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So a thread on concussion got me thinking about this.  

Punch drunk syndrome, or dementia pugilistica, or boxer's syndrome is also called chronic traumatic encephalopathy (CTE). This condition is common among boxers. It is caused by head trauma and the condition typically develops about 16 years after the initial head injury.

Obviously I've heard of it in occurring in boxers, and in MMA, not really heard of it in MT though. Although I do know old western MT fighters who get headaches etc which is not a good sign. In Thailand I have met lots of old fighters,  many are alcoholics but never met anyone with any signs of brain injury, anyone know why this is?

Has anyone else heard anything? does it worry you? Do you think it will be an issue in the future?

 

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Although I do know old western MT fighters who get headaches etc which is not a good sign. In Thailand I have met lots of old fighters,  many are alcoholics but never met anyone with any signs of brain injury, anyone know why this is?

 

I was just asking Sylvie how many Thais we've met that seemed a little punch drunk. Only about 3, and we've been exposed to a lot of ex-fighters. One was actually primarily a boxer (lower level WBC title), one a middling long term Thai fighter, and one a big name former big time Thai boxer (but who had fought in the west as well, and also in other martial art tournaments). That's not a lot ex-Thai fighters.

There are two big reasons I can think of. 5 Round fights are much shorter than most boxing matches, and because there are so many weapons and the nature of Thai aesthetics, the head is not targeted in the same way. Almost all strikes are to the head in boxing. Body shots are mostly designed to get to the head. But in Muay Thai there are lots of ways to score other than hitting the head. And even most elbow strikes are meant to cut rather than bludgeon.

Another factor is training. From what I've read concussion syndrome is more closely related to the repeated smaller blows that occur in training, and not so much in single big shots in a fight. Boxing training (often with head gear which does not really protect against concussive force) often involves sitting in the pocket and taking lots of deflected blows (blocked or partially slipped). Thais don't really train like this. They do spar hard at times, but it isn't lots and lots of head-hunting sparring.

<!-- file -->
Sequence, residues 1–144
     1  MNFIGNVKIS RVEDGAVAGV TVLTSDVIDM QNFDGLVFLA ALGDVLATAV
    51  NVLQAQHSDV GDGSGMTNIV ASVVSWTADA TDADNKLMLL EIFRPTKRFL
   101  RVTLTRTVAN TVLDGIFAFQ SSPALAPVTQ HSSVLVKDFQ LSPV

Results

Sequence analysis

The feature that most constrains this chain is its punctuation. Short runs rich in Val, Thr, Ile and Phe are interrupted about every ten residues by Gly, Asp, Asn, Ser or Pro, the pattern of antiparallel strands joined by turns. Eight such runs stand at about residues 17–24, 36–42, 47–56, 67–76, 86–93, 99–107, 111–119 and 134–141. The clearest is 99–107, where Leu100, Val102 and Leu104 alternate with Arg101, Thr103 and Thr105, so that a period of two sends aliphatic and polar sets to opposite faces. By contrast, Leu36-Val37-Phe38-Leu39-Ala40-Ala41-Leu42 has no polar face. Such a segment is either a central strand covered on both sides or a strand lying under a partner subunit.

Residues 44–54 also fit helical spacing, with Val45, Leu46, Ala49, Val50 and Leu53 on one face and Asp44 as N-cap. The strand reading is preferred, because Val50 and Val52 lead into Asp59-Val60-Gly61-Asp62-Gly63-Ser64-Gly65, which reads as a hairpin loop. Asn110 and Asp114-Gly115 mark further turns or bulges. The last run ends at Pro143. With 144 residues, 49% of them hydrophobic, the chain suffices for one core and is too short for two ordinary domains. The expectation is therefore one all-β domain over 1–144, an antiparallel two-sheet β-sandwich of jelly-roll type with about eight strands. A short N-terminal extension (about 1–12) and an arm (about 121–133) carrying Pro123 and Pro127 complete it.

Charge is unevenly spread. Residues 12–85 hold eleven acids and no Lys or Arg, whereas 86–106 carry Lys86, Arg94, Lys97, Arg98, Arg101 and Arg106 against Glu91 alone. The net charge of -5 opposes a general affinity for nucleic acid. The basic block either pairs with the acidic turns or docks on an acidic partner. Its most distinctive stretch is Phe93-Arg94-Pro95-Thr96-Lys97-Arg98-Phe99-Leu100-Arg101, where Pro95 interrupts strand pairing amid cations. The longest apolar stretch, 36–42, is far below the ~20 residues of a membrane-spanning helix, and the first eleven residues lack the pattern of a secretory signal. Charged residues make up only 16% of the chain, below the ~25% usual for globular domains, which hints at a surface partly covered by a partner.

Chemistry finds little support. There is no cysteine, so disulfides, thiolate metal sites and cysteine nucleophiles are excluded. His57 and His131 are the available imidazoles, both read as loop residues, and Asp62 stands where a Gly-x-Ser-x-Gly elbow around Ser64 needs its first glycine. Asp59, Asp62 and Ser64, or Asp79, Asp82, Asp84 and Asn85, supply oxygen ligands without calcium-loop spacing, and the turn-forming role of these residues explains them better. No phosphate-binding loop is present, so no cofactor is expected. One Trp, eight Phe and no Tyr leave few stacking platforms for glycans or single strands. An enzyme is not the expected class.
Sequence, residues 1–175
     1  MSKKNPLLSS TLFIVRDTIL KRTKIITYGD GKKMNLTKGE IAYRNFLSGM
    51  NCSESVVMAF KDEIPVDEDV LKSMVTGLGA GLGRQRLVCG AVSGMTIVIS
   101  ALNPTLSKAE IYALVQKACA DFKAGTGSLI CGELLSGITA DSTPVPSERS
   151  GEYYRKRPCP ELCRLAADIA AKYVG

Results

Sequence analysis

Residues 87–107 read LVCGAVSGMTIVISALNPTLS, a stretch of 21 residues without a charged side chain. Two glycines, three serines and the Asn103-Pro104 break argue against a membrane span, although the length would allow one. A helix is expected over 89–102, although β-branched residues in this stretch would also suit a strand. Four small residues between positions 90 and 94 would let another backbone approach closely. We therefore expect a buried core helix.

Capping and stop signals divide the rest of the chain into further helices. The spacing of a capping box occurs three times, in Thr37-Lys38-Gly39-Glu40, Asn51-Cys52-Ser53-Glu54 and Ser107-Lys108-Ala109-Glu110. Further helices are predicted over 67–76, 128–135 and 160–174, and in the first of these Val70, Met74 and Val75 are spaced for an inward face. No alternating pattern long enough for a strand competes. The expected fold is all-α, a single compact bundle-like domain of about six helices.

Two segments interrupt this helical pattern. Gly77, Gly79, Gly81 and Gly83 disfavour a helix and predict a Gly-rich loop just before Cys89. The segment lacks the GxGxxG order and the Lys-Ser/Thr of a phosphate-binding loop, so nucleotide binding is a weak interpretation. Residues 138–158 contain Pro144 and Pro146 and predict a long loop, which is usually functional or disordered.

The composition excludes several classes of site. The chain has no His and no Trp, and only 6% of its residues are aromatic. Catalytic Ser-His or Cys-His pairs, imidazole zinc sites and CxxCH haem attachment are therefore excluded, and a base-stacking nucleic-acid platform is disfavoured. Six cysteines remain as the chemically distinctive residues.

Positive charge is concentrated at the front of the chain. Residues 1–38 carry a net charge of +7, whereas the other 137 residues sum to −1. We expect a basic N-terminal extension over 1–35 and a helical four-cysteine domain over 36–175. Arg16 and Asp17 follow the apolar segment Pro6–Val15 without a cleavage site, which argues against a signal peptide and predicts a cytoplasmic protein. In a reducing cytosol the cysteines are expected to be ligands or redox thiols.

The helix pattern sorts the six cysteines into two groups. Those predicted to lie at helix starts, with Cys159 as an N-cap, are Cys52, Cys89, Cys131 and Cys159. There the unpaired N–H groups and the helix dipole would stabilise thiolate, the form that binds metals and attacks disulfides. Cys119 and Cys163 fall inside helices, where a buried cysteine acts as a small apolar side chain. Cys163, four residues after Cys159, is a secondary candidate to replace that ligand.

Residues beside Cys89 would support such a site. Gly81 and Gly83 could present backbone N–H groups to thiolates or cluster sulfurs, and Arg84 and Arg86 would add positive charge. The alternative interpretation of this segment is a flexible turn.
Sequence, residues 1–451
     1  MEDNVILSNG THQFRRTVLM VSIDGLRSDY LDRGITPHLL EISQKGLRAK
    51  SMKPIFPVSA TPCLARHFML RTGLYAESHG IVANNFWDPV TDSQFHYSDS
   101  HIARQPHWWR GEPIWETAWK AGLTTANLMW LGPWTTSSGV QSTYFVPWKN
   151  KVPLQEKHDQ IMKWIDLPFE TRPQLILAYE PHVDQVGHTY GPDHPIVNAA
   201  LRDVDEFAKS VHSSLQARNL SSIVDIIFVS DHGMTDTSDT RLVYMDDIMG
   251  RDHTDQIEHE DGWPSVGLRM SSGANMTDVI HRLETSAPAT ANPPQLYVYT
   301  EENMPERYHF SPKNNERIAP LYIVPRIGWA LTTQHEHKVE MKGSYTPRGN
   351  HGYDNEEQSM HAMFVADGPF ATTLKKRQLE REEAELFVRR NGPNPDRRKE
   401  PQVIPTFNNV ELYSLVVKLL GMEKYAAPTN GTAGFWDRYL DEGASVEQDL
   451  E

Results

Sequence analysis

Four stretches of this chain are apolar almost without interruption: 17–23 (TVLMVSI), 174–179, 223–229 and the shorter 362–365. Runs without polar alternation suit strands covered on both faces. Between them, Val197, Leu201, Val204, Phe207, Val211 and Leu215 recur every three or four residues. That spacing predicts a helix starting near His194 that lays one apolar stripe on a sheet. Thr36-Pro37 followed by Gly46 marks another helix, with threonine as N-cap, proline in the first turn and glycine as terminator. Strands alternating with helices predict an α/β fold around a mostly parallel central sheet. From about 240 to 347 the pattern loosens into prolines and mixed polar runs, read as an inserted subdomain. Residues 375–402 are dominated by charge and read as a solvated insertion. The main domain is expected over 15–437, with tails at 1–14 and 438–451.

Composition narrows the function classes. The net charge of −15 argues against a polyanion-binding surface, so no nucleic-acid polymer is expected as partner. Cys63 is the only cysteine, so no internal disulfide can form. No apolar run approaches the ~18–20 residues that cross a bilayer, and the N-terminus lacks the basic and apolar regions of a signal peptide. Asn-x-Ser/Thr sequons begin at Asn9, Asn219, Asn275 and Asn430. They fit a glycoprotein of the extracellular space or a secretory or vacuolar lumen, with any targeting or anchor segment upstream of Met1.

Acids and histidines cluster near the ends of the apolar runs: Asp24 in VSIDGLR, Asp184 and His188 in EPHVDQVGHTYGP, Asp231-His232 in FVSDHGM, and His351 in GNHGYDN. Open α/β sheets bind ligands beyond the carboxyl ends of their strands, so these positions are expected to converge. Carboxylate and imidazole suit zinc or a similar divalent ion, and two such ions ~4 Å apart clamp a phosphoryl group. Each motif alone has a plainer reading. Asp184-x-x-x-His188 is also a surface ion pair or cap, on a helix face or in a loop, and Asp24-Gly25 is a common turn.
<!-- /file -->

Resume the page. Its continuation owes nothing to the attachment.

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This had me thinking for a very long time and I wonder if some of you can add on to this (which relates this post as well) 

I have read some articles [in Boxing] and heard debates about the use of protection [headgear] during sparring and matches. Research has it that there are no "good evidence" that the use of headgear does not prevent head concussions, but could only reduce facial lacerations/cosmetic issues. And unfortunately I have read that it only increases trauma to the brain a whole lot more than "not wearing it" 

Personally, I do own a headgear but I only find it nuisance while training or sparring because it limits by vision. Not only that, I also found that my head ache's more when I get punched on the head; the force feels rather heavier than not wearing head protection. 

During training or matches - The way that western boxing and kickboxing works for points and appeal is the fighter doing whole lot more if you were to "aim for the head" and intend to KO your opponent ASAP. However in Muay Thai (I'm just re-iterating what Kevin said in the above) the scoring is different. 

You know what's interesting lol? Speaking of the use of headgear, I'm not sure if any of you recall this but recently in the Rio 2016 Olympics, boxers no longer use a head gear during matches. Due to basically in the above. However, female fighters were required to have it on. Here's an excerpt from this article: 

As of right now the AIBA’s ban on headgear in amateur fights and at this summer’s upcoming Olympics only extends as far as male heads. For now women fighters will continue to fistfight the old-fashioned way: with a giant, blinding delusion fastened to their vulnerable heads.